Save for its overall air of cheese, the most memorable parts of ABC's campy 1960s Batman TV show were the fight scenes. Sure, Batman is a master of deduction, and he has that cool car, but what everyone really wants to see is Batman dealing out some good old-fashioned street justice to gangs of deserving thugs. While Ubisoft's last Batman game, Batman: Vengeance, was more of a full-fledged action adventure game, Rise of Sin Tzu strips out the adventure and beefs up the action. It's ultimately a pretty basic beat-'em-up, but the strong production values and a solid combat system make for a gratifying experience.
In Batman's latest caper, he must face off with Sin Tzu, a master strategist who is using the principles of Sun Tzu's The Art of War to take over Gotham City. Though Sin Tzu was created specifically for this game, you'll also go up against Arkham Asylum regulars like Scarecrow, Clayface, and Bane. But before Bats gets to any of these big-name bad guys, he will have to slug his way through wave after wave of lesser thugs. For the duration of the game, you'll walk from one end of a level to another, beating up bad guys as well as rescuing civilians and defusing bombs--but mostly, just beating up bad guys. This would get real boring real fast if Batman didn't have a flashy and surprisingly diverse combat system to work with--which, in fact, he does. You start off with a pretty limited number of moves, but as you advance, you'll be awarded with points, based on your performance, which you can use to purchase new moves. There's also a combo system, which you can use to charge up a special meter that, when activated, gives you access to a few incredibly brutal attacks for a short period of time.
The game also gives you the option of playing as one of three supporting Batman heroes--Batgirl, Robin, or Nightwing. Each offers a slightly different speed/power ratio than Batman, but, functionally, they're basically identical. In keeping with its arcade beat-'em-up roots, you can play through the story with two players, which opens up a few tag team attacks that are unavailable when flying solo. Though targeting enemies can sometimes be a bit of a hassle, the combat in the game is slick, fast, and fun. The regular introduction of new moves helps keep the gameplay fresh, and the occasional boss fight helps stave off monotony. The game is also pretty short, ending just about the time you're getting sick of the constant fighting. GameCube owners get a small bonus in the form of GBA connectivity, which lets you use points earned in the GBA game to unlock special items and trophies in the GameCube game. As with most games that tout such a feature, the appeal of the connectivity is limited and feels tacked-on.
The overall art style of Rise of Sin Tzu mirrors the highly stylized art deco look of the recent Batman cartoons, creating a dark, brooding atmosphere, while remaining fairly kid-friendly. Character designs are exaggerated, with square, Dick Tracy-style jaws and big, barrel chests appearing as the most common traits. Animations are also exaggerated, giving a big boost of comic book bravado to Batman's punches and kicks. You'll encounter fewer than a dozen different types of enemies through the course of the game, but tweaked character models and different textured skins help keep their appearances fresh. Light and shadow play big parts in the graphical presentation, and all of the lighting effects in the game look great. Shadows will stretch, depending on their distance from the light source, lights will give off a little lens flare when viewed directly, and glossy surfaces will reflect light accordingly. There are plenty of cool particle effects too, most notably in the game's convincing explosions. The volumetric fog that creeps out of the alleys of Gotham City just looks great as well. Though the scope of the game is pretty tightly focused--not really giving you a big picture perspective of Gotham City--it still looks really great. The only complaint that can be lodged against the visuals is the fully automatic camera, which usually helps keep the action square in front of you but can occasionally be a touch disorienting.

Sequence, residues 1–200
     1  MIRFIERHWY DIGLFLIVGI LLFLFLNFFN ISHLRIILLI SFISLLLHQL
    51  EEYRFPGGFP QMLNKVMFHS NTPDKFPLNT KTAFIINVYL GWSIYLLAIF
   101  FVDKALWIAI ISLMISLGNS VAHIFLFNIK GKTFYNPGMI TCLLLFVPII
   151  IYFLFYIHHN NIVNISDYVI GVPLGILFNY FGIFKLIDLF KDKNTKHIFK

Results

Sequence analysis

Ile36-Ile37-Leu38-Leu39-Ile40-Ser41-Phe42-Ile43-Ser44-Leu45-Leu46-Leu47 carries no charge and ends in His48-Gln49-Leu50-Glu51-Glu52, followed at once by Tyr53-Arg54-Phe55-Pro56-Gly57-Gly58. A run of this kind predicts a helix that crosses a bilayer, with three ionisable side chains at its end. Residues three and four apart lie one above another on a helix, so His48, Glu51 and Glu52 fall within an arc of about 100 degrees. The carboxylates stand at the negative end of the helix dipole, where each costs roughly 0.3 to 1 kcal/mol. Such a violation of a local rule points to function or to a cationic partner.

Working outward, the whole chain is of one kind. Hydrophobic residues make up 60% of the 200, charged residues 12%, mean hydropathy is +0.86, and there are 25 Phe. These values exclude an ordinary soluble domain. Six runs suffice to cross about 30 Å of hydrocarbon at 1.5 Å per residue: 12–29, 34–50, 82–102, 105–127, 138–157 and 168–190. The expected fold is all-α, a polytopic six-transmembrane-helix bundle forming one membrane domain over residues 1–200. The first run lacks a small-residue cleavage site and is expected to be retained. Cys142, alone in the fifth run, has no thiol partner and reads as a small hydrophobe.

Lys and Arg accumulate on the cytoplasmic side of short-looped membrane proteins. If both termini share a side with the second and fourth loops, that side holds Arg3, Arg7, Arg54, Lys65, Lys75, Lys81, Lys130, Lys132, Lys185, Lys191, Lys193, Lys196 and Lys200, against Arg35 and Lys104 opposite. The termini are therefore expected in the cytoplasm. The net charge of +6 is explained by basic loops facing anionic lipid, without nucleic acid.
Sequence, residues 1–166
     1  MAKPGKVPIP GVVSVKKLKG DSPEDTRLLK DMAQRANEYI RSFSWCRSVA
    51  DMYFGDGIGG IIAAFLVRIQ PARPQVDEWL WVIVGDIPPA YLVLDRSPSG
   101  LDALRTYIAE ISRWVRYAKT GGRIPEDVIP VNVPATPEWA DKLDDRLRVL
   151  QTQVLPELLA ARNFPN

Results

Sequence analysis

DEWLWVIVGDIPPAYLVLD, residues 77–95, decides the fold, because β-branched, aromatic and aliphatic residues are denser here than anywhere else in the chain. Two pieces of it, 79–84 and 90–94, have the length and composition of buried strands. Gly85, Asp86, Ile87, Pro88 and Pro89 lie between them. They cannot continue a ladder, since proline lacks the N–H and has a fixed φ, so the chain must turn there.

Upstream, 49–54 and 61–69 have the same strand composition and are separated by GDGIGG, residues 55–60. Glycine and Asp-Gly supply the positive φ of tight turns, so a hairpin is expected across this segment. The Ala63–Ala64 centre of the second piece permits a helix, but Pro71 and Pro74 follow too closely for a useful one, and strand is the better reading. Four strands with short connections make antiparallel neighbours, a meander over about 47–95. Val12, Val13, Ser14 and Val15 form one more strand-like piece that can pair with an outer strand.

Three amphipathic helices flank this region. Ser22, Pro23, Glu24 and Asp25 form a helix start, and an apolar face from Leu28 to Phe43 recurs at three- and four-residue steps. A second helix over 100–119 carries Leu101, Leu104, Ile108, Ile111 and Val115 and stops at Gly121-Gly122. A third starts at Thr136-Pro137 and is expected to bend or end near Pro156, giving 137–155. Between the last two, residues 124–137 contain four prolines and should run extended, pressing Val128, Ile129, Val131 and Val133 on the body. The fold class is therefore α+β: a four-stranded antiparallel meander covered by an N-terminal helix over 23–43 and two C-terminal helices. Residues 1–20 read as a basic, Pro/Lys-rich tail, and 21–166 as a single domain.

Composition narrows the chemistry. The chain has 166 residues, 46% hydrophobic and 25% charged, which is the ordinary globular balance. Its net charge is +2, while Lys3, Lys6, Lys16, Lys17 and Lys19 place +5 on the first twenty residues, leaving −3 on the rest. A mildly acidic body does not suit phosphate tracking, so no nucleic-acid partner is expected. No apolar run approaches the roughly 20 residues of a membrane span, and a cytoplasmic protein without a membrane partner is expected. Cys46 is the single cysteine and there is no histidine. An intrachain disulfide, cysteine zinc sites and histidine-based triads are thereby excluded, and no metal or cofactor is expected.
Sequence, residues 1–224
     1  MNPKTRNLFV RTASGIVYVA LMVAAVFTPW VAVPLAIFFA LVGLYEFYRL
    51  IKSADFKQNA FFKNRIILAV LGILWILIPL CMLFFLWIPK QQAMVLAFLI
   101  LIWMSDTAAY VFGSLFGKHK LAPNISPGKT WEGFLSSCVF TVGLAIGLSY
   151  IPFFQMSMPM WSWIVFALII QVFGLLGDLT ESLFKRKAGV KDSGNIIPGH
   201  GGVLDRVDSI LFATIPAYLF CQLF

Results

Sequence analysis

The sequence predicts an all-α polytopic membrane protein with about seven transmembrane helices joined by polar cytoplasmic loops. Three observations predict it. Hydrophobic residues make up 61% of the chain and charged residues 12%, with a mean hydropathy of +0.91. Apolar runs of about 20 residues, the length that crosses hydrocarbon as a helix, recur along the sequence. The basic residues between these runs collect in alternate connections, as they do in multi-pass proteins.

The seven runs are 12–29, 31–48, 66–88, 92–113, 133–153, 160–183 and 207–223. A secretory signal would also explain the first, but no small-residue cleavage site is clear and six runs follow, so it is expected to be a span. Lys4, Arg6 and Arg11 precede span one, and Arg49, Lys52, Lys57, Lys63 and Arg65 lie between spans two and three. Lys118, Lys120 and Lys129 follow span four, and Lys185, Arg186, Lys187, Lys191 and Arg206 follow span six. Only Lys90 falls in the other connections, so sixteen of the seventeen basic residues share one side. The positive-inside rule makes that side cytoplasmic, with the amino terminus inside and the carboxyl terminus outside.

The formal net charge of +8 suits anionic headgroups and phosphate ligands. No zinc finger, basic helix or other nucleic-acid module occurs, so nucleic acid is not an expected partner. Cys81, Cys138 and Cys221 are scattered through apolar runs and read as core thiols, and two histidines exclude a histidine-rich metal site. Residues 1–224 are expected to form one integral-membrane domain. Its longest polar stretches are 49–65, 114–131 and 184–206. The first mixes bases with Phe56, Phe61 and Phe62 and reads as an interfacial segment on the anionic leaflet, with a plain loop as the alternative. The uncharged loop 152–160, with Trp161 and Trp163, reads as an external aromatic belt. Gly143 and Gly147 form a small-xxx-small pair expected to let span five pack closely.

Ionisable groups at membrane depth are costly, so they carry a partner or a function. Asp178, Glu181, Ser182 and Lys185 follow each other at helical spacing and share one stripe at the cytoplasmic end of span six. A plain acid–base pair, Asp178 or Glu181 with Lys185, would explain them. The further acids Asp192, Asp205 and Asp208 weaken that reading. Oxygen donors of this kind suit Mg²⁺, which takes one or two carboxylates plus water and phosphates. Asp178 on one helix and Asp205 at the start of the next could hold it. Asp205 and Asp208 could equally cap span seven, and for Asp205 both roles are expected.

The sound design in Rise of Sin Tzu stands up as well. Attacks register with a pleasing amount of force, further amplifying the already heightened, comic-book level of punishment the thugs are taking. All of the voice acting, which is provided by the actors from the Batman cartoons, is top-notch, despite the fact that some of the dialog can be a bit melodramatic and rife with metaphors. In an odd style choice, the soundtrack in Rise of Sin Tzu is largely dominated by stripped-down three-piece rock music, though some dancey electronic stuff occasionally comes up as well. It's actually pretty good music, but it just doesn't quite fit the overall feel of the game.
The simplicity of the gameplay in Batman: Rise of Sin Tzu is one of its biggest strengths and one of its biggest weaknesses. If constantly slugging it out with common street toughs for a few hours doesn't sound appealing, this probably isn't the game for you. But if you do enjoy straightforward, no-nonsense action, Rise of Sin Tzu delivers it in an appealing package and is one of the best 3D beat-'em-up action games you'll find.